Bootstrap Namespacing

I know 5.7 has the ability to add grids via the new layout feature, but I feel the core dashboard/navbar should be namespaced to help prevent conflicts with template CSS,

the elemental theme applies a namespacing to the themes main.less suggesting our themes should be namespaced to avoid overriding the core

div.ccm-page {
//less imports

I can see the advantage of namespacing the theme CSS especially if you are going to be modifying the bootstrap CSS, however the past few months I have been moving towards Object Orientated CSS with SMACSS/BEM and have been attempting to keep my specificity low the one thing that keeps driving at me with this approach of namespacing the theme is the addition of an extra non-required class. This class keeps a consistant high depth of applicability.

As an example,
//Assuming the following structure
//depth of applicability = 5
.ccm-page > .main-content > .pull-out > .button.button--vibrant

This gives a depth of applicability of 5 if we want to edit the button--vibrant class
we could of course reference the just the button--vibrant class but in the current namespace this would be written as the following
//Less css to write, same specificity
//depth of applicability = 5
.ccm-page .button--vibrant

However this still has the same depth of applicability 5 as the previous css rule.

In this case and many other the actual classes could just be written as
//depth of applicability = 1

I may be over thinking this as a rough calculation for the additional bytes in a 2000 selector CSS file is only an additional overhead of 17kb of data. However this feels like something that should be applied to the core files and not to the theme, a user visiting the site that does not need to login or load the admin files/theme does not really need the namespaced CSS just to prevent any styles we have applied from overriding the core theme.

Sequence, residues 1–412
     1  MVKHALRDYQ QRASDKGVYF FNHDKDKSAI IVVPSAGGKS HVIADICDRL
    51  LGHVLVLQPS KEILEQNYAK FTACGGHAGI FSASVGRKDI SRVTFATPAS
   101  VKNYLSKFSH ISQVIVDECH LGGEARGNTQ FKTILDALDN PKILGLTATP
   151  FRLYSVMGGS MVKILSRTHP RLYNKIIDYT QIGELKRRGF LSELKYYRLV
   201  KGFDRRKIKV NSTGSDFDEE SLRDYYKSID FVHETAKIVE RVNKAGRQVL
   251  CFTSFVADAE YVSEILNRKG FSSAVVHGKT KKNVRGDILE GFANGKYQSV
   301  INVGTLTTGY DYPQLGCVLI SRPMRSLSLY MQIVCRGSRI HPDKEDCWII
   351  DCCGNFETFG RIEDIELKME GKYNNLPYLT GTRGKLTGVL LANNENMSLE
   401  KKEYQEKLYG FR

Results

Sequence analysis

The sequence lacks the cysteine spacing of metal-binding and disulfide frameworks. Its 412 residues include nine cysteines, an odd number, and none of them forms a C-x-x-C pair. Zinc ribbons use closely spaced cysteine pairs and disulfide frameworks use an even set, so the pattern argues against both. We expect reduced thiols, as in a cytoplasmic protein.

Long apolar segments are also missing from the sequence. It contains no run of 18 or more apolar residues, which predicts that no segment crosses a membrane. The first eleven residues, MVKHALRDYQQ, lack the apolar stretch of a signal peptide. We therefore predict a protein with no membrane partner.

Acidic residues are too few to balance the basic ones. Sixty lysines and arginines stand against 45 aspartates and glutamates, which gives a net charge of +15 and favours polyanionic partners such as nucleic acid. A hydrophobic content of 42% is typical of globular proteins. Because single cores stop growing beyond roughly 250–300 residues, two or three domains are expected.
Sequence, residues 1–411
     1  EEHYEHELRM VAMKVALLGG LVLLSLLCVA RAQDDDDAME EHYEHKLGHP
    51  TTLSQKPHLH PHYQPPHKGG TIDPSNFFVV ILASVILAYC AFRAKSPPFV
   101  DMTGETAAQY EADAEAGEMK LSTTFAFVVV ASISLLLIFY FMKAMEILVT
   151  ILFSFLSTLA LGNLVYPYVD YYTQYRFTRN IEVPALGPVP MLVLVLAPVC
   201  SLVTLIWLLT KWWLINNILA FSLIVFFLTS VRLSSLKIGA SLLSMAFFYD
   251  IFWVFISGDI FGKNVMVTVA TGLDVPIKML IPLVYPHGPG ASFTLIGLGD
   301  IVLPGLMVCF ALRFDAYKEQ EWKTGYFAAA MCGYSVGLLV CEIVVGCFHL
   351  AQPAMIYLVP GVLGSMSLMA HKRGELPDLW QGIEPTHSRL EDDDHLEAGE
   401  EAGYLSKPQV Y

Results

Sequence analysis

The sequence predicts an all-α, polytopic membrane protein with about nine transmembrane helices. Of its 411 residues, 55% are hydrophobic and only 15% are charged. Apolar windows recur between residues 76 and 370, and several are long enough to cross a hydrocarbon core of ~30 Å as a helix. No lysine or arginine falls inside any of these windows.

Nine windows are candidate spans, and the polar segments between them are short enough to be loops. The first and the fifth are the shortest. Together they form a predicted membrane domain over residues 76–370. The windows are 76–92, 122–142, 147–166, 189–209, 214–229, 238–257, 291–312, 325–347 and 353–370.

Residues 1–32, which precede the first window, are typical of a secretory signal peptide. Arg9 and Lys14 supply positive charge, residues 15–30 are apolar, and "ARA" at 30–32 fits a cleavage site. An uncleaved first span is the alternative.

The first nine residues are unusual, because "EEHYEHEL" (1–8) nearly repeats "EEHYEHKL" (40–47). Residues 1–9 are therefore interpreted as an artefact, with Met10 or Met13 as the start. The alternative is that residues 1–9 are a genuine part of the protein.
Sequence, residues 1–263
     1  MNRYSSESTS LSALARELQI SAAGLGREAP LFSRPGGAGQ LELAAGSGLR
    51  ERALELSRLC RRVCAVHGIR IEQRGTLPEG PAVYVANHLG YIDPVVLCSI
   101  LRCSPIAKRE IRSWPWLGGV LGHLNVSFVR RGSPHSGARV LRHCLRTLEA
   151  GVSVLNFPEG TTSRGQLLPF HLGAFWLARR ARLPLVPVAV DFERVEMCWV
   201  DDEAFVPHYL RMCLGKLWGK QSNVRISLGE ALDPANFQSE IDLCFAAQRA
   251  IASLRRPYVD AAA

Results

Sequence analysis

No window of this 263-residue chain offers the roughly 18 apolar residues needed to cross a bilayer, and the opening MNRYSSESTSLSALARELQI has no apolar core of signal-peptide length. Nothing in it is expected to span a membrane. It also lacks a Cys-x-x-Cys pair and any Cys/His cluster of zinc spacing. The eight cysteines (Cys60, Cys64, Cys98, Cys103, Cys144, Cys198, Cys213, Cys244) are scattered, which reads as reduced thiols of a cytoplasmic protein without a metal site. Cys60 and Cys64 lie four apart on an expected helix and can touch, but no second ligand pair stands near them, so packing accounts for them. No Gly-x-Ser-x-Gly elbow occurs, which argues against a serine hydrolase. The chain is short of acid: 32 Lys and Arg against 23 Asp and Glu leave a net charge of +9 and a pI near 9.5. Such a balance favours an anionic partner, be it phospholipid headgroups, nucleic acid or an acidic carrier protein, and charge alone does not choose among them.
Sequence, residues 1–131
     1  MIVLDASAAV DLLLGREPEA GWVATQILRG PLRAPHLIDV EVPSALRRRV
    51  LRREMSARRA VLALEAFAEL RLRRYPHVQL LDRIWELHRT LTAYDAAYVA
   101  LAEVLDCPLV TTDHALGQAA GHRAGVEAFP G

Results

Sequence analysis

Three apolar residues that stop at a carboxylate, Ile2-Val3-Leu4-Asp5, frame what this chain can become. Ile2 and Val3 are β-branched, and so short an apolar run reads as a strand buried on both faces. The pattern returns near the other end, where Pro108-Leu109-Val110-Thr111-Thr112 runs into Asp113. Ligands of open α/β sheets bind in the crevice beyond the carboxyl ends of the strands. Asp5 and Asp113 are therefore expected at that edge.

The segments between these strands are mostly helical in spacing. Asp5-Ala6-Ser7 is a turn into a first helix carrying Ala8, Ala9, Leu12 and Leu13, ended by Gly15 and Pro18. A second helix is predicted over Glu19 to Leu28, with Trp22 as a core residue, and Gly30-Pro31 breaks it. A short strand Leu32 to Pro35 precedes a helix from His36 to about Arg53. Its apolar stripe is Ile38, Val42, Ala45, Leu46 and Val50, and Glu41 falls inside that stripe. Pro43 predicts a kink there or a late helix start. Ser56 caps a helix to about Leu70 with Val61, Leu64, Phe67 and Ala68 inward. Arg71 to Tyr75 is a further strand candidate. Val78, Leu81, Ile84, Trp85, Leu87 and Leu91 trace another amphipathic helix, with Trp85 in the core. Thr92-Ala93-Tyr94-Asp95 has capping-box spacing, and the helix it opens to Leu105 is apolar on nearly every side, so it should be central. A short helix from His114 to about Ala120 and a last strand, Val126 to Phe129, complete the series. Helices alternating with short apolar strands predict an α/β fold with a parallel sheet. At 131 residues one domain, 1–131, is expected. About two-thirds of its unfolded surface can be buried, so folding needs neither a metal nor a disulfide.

Iv'e noticed a couple of small issues when I attempt to override some of the default bootstrap settings, they then have a knock on effect with the core files.

Have the core team considered a namespaced approach for the bootstrap/css. (I'm aware much of the core dashboard css is specific and already namespaced) I also notice it seems a lot better in 5.7 but am interested to know about the core teams opinion on this (assuming this post makes sense).

ref: CSS is a mess Jonathan Snook -
ref Depth of applicability Jonathan Snook -

View Replies:
Mainio replied on at Permalink Reply
You should serve the CSS files gzipped. Then the difference is very small.

I've seen some benchmarks of this with bigger CSS files, like > 10k lines. The actual "overhead" is really a couple of kilo bytes (depending on the CSS of course) if you only transfer the gzipped version through the wire.

So, if it's a repeating string in the CSS, it really doesn't affect the transferred size.

I'm very much in favor of namespacing even the theme CSS. A lot of the "mess" can be solved through sensible separation of the CSS which is possible through LESS, SCSS or SASS.

I'm also very much in favor of avoiding deep definitions or importants in CSS but in my personal opinion, repetition is not a serious problem.

This is all in line of the "modular CSS design" that the first of your links talks about. That's also how bootstrap is built which is great if you use it in custom projects.

Specifically to concrete5, it is really better to enforce the theme developers to namespace their code because you can never create concrete5 specific namespaced CSS that would override all the theme specific stuff if it's not namespaced. That would simply not be possible and it would produce collisions with a 100% probability since you can never override all the possible cases theme developers might come up with. What if there is a deep definition in a theme that targets accidentally a c5 UI element? You simply cannot avoid that if the theme's CSS is not namespaced.
andrew replied on at Permalink Reply
We already use a namespace approach for the core. Everything should be inside ".ccm-ui" If it's not it's probably an oversight.